2. Games specifically designed for that type of gameplay, at least most likely; I haven't played all of them.

Some games are just designed for abnegation. The ability to perform simple, mindless tasks to unwind at the end of the day, or during a break. Games designed such that you can play them and progress, without engaging too much, so you can focus on something else as well. If that's the sort of game you feel yourself enjoying at the end of the day, well, more power to you.

As you've said, games that engage you and demand your attention get it - heavy story elements, or gameplay where you're into it and focused to the point where you can't listen to a podcast at the same time, it'd more just be playing and you wouldn't hear a word that was said as its similar to watching 2 TV shows at once - and you don't need to do that, but if a game doesn't require your attention, either because it doesn't engage you as it should, or because they were designed to need minimal attention, then yeah, its pretty normal to also find something else to do, and unwind with something not stressful, but a mind stimulated enough to not bore you.
 

wax

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I'll bet you didn't multitask on the Dark Souls games. Many games are so generic they're boredom inducing rather than attention grabbing.
 

CaitSeith

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wax said:
I'll bet you didn't multitask on the Dark Souls games. Many games are so generic they're boredom inducing rather than attention grabbing.
I do... when waiting for being summoned. In fact, I'm doing it right now at the entrance of the church. Oh, I've got go...
 

Trunkage

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As stated by some people, I think its representative of the other media your consuming as well. As some poster have stated, they need something to do while listening to the podcast. I actually watched Gotham during while playing ESO (which I did only get into less than a month ago but some parts are really boring already). I watched the first three episode by themselves with multitasking. It was the worst story and characterisation I have seen in a long time. But if I didn't think about what was happening too much (like while playing a game), those niggly things didn't come up. I remember NCIS and CSI being the same way.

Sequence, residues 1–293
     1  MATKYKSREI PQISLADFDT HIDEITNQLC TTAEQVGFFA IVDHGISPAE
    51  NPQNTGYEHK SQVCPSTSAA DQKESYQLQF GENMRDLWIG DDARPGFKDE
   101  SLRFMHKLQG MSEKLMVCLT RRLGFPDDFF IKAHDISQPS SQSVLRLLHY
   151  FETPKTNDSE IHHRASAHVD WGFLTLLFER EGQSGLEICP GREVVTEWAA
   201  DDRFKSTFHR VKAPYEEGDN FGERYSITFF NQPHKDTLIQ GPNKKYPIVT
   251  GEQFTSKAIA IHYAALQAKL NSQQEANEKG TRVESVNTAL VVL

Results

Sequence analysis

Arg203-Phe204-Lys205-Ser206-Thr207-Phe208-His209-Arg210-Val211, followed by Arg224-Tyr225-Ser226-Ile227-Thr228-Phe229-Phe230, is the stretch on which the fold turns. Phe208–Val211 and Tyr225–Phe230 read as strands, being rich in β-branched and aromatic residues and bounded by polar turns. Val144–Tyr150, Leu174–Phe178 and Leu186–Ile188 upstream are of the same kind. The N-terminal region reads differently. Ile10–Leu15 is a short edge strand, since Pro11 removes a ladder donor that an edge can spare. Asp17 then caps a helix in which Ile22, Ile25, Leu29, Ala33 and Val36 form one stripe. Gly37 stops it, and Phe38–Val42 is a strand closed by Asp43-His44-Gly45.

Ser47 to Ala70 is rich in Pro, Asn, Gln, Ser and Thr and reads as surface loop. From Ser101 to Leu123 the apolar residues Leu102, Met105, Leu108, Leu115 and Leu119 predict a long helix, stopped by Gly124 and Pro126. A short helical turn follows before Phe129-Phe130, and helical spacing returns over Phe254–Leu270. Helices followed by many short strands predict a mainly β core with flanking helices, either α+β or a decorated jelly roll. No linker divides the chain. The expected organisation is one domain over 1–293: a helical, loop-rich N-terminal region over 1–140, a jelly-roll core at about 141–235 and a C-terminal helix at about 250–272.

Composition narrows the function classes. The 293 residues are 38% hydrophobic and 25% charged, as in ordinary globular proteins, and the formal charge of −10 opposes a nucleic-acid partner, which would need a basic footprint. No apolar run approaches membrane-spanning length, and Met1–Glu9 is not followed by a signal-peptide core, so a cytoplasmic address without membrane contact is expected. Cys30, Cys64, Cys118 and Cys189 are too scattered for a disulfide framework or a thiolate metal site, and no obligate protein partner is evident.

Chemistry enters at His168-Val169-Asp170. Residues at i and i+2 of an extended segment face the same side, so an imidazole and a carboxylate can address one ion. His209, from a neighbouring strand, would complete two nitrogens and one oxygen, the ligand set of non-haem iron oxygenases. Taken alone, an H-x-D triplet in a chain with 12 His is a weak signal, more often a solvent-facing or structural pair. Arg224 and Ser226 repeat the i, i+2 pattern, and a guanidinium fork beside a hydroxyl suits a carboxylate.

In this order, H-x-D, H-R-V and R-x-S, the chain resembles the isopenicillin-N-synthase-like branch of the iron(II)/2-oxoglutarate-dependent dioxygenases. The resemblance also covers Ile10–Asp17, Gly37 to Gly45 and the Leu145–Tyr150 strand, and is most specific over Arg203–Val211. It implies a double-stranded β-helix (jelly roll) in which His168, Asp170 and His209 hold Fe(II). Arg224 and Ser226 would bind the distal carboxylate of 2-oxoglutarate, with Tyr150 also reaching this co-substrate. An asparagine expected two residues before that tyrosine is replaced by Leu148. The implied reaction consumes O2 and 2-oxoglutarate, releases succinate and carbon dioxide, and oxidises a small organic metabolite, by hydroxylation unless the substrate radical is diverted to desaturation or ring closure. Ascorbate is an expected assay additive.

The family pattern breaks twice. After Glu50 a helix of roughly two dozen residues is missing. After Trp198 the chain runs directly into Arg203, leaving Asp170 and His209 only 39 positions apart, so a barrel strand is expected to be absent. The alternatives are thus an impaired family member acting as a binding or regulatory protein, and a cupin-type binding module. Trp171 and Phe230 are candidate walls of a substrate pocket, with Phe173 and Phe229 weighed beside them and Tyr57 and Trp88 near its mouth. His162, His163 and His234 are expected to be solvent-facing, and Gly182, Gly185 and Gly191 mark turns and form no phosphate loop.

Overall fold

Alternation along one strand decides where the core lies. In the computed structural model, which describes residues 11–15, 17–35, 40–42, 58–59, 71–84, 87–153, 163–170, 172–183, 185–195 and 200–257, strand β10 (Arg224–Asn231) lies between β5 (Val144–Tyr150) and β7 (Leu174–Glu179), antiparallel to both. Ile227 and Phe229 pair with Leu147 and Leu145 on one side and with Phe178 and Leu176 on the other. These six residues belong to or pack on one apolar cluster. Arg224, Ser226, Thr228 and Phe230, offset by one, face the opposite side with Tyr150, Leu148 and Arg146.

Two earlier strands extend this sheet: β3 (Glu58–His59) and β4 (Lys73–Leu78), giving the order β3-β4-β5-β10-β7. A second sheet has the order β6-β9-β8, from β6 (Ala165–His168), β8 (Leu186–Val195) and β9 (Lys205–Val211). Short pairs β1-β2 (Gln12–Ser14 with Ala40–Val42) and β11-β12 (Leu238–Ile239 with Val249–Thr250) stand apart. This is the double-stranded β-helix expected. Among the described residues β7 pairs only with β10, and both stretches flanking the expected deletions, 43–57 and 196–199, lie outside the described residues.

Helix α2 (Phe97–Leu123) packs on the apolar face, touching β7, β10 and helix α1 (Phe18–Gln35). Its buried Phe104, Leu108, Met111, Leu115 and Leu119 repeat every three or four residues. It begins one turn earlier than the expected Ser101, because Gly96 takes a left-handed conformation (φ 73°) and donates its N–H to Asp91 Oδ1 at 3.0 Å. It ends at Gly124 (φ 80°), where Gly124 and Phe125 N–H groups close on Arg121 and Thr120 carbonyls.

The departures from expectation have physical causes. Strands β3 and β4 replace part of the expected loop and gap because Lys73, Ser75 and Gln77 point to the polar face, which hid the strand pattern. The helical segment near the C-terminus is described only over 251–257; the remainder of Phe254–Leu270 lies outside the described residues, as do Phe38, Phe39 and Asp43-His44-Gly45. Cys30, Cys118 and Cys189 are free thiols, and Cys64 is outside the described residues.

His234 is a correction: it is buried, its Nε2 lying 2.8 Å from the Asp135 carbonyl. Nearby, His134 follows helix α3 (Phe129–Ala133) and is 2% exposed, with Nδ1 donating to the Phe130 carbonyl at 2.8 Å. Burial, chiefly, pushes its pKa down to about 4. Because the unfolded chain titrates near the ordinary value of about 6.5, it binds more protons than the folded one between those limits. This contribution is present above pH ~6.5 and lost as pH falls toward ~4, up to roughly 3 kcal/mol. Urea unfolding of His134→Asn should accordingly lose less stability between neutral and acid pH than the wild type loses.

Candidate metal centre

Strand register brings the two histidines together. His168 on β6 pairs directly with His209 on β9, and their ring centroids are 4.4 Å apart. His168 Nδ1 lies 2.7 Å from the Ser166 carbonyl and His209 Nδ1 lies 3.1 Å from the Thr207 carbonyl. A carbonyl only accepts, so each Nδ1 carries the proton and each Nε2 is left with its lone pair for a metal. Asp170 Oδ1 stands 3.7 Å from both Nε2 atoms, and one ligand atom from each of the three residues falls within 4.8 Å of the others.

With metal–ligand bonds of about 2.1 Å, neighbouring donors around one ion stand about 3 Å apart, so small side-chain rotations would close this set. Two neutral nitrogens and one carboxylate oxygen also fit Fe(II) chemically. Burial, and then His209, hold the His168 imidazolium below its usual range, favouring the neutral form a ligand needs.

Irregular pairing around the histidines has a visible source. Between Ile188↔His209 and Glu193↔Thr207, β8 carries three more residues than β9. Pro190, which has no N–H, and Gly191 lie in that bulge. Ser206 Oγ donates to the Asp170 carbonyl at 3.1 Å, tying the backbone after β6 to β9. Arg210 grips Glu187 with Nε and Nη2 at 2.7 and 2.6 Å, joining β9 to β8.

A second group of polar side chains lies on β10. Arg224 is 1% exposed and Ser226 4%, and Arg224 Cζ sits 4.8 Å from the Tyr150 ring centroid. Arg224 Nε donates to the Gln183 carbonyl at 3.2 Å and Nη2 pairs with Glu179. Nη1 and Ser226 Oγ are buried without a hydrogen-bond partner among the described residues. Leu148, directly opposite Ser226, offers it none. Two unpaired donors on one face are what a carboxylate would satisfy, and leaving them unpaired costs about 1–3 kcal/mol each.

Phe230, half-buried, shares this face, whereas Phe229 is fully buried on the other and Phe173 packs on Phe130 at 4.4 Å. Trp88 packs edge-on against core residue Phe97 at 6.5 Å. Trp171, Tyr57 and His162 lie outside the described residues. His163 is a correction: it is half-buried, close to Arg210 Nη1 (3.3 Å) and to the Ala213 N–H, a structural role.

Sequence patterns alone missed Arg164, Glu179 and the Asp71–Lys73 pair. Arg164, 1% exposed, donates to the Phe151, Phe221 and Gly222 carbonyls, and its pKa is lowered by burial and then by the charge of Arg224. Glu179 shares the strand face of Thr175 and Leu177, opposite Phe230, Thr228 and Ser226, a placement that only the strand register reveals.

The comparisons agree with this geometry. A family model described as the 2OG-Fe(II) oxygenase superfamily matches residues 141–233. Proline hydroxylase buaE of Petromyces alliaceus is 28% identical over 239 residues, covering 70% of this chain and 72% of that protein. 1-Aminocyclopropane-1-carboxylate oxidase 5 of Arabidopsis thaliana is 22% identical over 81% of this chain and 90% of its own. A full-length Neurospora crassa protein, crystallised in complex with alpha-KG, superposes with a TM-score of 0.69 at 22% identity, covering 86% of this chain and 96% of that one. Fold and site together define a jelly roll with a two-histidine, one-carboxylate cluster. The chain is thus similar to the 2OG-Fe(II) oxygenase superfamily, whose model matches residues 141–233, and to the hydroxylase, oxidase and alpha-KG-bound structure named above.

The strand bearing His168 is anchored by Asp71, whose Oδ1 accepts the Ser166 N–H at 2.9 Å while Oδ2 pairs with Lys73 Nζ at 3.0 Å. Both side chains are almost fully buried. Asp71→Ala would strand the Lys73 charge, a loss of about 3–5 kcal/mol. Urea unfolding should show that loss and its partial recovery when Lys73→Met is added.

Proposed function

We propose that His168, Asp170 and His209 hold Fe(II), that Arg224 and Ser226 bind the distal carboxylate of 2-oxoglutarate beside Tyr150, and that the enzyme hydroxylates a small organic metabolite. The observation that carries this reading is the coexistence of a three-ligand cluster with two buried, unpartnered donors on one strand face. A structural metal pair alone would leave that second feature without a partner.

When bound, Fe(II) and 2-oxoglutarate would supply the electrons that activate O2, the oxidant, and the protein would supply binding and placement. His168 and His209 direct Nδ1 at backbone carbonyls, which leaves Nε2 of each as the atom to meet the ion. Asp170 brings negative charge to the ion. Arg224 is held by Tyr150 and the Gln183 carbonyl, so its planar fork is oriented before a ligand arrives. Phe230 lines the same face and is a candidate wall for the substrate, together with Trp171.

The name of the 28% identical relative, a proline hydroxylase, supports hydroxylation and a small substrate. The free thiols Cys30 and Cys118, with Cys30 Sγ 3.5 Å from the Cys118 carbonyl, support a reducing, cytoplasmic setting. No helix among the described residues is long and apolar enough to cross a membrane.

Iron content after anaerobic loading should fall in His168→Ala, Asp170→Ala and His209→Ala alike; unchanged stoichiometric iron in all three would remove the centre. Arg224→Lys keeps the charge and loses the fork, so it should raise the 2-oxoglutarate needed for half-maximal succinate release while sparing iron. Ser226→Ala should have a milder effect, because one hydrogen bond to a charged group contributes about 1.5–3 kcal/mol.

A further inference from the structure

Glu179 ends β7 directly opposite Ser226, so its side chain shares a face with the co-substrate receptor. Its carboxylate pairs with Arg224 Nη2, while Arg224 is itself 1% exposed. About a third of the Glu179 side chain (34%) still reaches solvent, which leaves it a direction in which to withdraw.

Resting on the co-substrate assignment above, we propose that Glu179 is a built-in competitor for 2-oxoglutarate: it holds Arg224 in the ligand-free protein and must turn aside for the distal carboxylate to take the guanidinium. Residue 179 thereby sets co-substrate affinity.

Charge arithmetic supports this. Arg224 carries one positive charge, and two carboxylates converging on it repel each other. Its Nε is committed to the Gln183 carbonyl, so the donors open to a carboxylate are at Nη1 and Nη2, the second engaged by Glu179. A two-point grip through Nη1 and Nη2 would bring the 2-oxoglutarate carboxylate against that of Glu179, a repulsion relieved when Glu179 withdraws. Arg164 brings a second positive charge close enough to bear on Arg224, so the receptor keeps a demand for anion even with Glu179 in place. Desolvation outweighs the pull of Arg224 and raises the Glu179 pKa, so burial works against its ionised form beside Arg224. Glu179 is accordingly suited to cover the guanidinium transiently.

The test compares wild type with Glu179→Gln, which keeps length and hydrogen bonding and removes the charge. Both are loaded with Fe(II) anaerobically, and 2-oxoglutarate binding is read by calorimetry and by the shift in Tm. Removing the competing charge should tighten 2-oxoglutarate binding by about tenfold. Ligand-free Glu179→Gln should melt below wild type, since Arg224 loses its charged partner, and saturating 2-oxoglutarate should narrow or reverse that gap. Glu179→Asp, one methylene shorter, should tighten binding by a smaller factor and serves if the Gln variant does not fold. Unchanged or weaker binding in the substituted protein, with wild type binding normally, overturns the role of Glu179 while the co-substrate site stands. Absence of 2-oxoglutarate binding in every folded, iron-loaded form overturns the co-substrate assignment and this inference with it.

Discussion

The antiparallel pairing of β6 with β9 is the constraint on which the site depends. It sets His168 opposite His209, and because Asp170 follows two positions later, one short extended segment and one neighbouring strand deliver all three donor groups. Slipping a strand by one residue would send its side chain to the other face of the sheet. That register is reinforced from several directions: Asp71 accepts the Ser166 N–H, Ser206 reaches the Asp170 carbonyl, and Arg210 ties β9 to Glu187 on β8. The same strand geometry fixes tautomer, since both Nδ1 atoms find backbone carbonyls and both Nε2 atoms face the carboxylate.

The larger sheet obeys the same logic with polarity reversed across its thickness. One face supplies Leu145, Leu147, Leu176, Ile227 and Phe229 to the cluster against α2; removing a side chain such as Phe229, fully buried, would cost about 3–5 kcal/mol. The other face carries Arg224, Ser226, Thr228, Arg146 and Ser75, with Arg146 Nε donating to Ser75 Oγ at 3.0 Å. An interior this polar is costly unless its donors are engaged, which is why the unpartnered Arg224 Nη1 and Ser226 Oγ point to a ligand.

As to music, I think I have been spoilt by Fallout 3/NV/4. With a station playing different music than soundtrack makes the experience more enjoyable (GTA etc would be the same thing). I don't want to listen to the soundtrack unless its making a big impact.

I also find that I'm pretty time poor, so the not very informative but semi comedic ones like Cooptional or Jimquistition are better during game. I have economics and philosophy ones for hard thinking (maybe during a run, but sometimes doing nothing depending on the subject)
 

008Zulu_v1legacy

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I generally do this MMOs. The sound in those games is usually pretty bad/repetitive, and most of the interactions are done through text. The only exception is for The Old Republic, the VA in that game is very good.
 

Silence

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wax said:
I'll bet you didn't multitask on the Dark Souls games. Many games are so generic they're boredom inducing rather than attention grabbing.
Funfact: Dark Souls games are some of the few I actually listen to a podcast to while playing, because silence otherwise.
Might only be the second time through, but still.
 

Geisterkarle

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I normally put on music for games I know so well I don't care about the ingame music anymore.
A game where I do this and comes to mind is "Super Meat Boy". And interestingly, that is also the game that is HIGH up in my list of games I can play all the time and not be bored!
But I admit, there are very few that really catch me like that. The latest maybe Undertale and Witcher 3. If I look into others, maybe FTL and actually OpenTTD or sometimes I even go back to Civilization 2! :) And except maybe Undertale and Witcher 3 I always play without ingame-sound. There seems to be a connection! :)
 

Cid Silverwing

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I have a feeling it's just games becoming generic products rather than charming experiences telling colorful stories period. Much of this media is bleeding together more and more, and it scares me. I mean remember E3 a few years back that had almost nothing but FPSes to show? Jim Sterling walked into a booth for one of those FPSses (I can't remember the title and don't feel like googling it) and completely mistook it for another.